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A guide to the baths of Bath
Soaking in a unique destination
There are few destinations I’ve visited more unique than Bath in the English countryside. First of all, the city’s original settlement centered on a spa named Aquae Sulis, was built by the Romans in the 1st century. For nearly millennia now, Bath has been known as a place for healing, attracting visitors from far and wide. And today you can visit the ancient baths and also take a dip in the enriching spring waters at a modern spa.
There are three geothermal hot springs that run below the city: the King’s Spring, the Hetling and Cross Spring. Rain water from 10,000 years ago ran underground where it was heated to a temperature of 156 degrees Fahrenheit and then pushed back out to the surface. The waters at the mouth of the springs are approximately 113 degrees and fortified with 42 different minerals including calcium, magnesium, silica, and iron.
There are many claims to the benefits of soaking in mineral rich waters. The most commonly heralded are pain relief and healing of skin conditions. Some swear these waters help with arthritis and even high blood pressure. The one thing everyone can agree on, is that a soak in these waters calms the mind and relaxes the body. Sometimes feeling good is all the medicine you need.
Viewfinder Tip: When in bath be sure to make a reservation at The Tap Room where you can drink the mineral rich spring water with your lunch or afternoon tea.
One legend of the city of Bath goes back to the 9th century B.C., when Prince Bladud was cured of leprosy after bathing in the waters of the area. He went on to become King of the Britons and founded the city of Bath at the site of his miraculous recovery—or so the story goes. In the early 1900s, thousands of wounded soldiers came to Bath for rehabilitation post World War I.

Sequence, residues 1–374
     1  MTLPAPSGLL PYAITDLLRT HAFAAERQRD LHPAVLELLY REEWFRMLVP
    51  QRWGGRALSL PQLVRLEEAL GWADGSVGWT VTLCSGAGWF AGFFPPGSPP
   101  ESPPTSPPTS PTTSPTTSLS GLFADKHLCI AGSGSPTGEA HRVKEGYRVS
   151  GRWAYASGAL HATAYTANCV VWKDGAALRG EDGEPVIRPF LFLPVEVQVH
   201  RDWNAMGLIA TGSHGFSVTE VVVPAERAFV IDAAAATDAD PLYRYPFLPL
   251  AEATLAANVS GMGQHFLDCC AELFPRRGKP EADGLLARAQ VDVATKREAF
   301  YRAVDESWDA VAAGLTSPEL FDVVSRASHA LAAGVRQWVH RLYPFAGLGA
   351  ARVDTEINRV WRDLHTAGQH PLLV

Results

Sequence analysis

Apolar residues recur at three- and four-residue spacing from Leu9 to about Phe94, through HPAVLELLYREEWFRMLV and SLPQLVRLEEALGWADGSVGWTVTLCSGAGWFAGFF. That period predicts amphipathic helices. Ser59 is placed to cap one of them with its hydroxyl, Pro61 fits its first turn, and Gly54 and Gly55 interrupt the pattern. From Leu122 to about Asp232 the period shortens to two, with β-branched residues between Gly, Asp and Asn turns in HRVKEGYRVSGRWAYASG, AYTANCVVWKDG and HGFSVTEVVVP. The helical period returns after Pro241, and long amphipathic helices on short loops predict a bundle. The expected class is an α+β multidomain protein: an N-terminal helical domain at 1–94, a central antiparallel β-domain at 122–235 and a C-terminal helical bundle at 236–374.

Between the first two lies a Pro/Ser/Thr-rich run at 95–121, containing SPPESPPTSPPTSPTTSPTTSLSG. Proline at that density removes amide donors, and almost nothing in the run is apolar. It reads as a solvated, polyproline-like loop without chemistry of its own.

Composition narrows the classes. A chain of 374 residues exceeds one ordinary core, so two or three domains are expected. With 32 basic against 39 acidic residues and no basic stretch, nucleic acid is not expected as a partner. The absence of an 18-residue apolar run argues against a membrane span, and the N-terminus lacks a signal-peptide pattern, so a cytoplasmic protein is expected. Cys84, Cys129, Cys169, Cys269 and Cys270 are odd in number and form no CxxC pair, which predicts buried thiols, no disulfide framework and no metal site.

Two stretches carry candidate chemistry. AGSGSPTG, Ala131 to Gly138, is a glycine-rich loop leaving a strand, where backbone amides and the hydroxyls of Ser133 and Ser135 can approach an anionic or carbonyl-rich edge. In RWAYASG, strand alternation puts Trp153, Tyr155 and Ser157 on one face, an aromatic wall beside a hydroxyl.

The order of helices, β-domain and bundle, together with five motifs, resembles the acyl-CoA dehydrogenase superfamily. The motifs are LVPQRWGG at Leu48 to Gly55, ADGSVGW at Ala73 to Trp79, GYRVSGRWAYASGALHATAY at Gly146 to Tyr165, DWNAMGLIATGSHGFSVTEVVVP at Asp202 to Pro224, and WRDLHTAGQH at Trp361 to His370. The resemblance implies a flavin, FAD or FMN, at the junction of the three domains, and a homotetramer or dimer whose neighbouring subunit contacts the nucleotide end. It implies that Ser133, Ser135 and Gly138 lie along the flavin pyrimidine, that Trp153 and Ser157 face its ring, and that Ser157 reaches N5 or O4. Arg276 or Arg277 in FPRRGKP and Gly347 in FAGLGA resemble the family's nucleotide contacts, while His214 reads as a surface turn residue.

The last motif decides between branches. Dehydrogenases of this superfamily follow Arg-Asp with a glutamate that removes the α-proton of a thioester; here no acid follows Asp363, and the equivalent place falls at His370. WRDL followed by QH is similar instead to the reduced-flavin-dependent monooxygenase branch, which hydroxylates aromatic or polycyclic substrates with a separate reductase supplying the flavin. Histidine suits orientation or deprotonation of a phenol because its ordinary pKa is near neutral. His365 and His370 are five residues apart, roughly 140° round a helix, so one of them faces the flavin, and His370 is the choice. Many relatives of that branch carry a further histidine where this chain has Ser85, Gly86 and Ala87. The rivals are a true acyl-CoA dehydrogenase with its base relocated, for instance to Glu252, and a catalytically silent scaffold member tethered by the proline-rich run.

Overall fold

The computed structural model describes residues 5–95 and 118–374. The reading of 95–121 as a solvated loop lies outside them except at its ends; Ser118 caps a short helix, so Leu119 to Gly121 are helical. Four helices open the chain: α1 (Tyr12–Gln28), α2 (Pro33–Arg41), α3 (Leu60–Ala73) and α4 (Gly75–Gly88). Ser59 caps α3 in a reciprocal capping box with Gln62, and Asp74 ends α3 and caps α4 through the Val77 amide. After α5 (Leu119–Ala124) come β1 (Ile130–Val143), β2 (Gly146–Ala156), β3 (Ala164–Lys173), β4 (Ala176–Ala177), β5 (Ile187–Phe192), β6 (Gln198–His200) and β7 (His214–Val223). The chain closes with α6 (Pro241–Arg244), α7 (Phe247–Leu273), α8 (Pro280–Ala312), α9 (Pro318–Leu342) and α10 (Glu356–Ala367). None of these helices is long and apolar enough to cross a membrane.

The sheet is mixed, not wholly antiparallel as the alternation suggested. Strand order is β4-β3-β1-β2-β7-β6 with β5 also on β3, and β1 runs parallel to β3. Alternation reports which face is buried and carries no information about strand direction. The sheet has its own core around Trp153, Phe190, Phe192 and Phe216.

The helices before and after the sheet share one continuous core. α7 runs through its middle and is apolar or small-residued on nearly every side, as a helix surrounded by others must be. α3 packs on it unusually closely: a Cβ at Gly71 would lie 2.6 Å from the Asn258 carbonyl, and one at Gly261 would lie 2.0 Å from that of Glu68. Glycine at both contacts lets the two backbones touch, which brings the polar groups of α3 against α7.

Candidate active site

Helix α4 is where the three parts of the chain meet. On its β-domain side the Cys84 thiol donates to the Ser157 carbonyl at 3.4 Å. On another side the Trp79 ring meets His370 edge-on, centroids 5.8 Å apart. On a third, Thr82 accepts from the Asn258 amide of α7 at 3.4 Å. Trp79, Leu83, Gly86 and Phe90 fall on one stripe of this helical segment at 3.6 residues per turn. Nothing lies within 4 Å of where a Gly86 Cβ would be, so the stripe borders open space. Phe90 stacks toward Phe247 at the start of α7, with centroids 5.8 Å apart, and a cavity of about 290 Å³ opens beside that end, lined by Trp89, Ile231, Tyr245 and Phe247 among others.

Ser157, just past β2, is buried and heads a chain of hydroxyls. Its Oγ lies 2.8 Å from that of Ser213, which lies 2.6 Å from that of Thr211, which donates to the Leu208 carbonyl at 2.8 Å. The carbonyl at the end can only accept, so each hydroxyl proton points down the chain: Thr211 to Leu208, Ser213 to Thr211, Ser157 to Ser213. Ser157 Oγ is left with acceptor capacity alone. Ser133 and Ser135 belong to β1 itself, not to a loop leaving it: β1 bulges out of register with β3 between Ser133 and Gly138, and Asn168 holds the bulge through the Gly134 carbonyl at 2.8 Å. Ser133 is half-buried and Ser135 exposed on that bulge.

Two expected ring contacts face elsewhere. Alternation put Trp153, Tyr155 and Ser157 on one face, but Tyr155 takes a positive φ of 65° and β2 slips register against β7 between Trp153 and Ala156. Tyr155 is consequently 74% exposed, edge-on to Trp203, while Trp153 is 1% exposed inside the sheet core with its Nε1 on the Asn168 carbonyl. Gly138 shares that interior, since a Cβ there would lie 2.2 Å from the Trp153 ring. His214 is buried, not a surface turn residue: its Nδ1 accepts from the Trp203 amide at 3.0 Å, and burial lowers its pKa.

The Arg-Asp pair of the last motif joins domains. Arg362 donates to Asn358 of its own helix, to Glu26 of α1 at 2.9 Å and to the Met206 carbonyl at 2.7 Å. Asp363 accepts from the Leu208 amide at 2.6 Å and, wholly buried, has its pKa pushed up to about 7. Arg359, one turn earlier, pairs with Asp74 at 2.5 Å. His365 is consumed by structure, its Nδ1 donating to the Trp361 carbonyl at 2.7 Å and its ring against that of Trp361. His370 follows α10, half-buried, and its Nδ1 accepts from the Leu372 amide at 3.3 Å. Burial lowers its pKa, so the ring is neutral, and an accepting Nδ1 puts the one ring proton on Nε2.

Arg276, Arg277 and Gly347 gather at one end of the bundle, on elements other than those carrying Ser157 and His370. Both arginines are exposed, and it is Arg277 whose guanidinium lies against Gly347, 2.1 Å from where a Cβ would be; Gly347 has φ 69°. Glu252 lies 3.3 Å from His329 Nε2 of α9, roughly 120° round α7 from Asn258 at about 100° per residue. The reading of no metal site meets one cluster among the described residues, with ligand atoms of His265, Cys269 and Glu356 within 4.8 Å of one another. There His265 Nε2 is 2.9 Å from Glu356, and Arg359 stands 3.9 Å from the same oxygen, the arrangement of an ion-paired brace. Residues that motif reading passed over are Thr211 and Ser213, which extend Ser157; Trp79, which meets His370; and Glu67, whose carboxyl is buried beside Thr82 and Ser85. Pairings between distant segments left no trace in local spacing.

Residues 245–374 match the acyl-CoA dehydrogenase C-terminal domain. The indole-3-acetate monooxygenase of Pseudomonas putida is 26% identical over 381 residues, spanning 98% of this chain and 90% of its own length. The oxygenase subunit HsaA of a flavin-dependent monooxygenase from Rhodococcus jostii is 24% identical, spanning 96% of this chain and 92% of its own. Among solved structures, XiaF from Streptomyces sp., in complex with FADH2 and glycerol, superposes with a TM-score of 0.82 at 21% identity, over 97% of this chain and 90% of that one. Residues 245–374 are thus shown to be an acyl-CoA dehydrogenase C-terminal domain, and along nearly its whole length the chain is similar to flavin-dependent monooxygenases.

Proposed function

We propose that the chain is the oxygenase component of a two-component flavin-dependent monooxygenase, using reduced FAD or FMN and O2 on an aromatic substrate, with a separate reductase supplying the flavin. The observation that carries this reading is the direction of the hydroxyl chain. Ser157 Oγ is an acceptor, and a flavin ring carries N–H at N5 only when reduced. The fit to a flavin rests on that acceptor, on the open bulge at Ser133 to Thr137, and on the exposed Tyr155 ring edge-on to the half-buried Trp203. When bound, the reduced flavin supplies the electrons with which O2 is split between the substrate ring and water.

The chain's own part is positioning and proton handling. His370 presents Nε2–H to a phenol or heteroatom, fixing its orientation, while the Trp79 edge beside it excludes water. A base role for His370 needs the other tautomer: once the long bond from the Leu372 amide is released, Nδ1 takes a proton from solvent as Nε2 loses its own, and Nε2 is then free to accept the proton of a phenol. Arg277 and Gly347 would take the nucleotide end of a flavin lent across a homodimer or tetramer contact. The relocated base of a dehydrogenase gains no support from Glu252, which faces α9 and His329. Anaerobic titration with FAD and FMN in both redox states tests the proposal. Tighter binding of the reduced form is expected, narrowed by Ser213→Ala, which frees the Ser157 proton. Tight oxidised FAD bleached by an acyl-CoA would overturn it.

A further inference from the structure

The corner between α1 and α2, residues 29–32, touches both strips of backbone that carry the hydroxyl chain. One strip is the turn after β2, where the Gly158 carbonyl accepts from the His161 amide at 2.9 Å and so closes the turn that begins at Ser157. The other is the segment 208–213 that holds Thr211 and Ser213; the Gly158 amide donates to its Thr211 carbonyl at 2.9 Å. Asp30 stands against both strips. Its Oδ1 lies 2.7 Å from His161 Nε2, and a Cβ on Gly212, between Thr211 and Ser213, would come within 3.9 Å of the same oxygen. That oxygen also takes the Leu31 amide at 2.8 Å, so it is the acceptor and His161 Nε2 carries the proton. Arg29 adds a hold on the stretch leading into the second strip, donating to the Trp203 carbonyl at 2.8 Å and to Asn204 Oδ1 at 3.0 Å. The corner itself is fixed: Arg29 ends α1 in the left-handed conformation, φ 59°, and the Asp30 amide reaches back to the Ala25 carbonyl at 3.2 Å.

Over the centuries, the baths themselves went through many reconstructions as the city grew. Today, the Roman Baths in the center of town let visitors take in the impressive ancient structures and learn of their history in an adjacent museum. Walking over the ancient stones, peering in on the green waters, steaming eerily, is a visceral experience. And it also left me yearning to have a mineral bath experience myself.
If you too want to take a dip, be sure to pack your bathing suits and head to the nearby Thermae Bath Spa. In 2006, this modern spa became open to the public reviving the ancient traditions of the city.
The complex of baths and steam rooms at this beautiful spa is filled with Bath’s mineral rich spring waters. Here you can book spa treatments from messages, facials, scrubs, and body wraps, to their signature Watsu treatment. The latter treatment is a cross between shiatsu and acupressure preformed while suspended in a warm mineral bath. I’ll take one of those please!
The baths at Thermae include the historic, open air Cross Bath. It is recognized as an official sacred site because this is where the Celts worshipped the goddess Sul, the same goddess that the Romans originally named their spa after. And today you can rent out this space for private events.
Also inside Thermae Bath Spa is the New Royal Bath which has two baths and aromatic steam rooms, infused with scents like eucalyptus or lotus flower. And there is the Minerva Bath, named after the Roman Goddess of Health and Wisdom. This is the largest of the baths, complete with a whirlpool, massaging jets, and a lazy river.
And finally, there is a rooftop pool where you can also take in wonderful views of town. Choosing any of these bathing experiences will truly submerge you in the heritage of this storied city.
What do you look for in a spa break?
Looking to plan your own trip to Bath? Check out our 365 Days of #OMGB for your go-to travel guide of Great Britain.
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